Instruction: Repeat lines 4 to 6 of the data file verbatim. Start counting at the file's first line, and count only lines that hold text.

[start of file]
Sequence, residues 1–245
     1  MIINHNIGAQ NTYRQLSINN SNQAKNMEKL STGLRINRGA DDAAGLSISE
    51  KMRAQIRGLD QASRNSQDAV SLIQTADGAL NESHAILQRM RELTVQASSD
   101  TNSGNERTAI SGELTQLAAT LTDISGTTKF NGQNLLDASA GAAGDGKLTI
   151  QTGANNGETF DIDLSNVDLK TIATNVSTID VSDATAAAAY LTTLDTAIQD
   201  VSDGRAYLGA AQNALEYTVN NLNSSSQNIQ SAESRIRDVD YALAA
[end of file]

   101  TNSGNERTAI SGELTQLAAT LTDISGTTKF NGQNLLDASA GAAGDGKLTI
   151  QTGANNGETF DIDLSNVDLK TIATNVSTID VSDATAAAAY LTTLDTAIQD
   201  VSDGRAYLGA AQNALEYTVN NLNSSSQNIQ SAESRIRDVD YALAA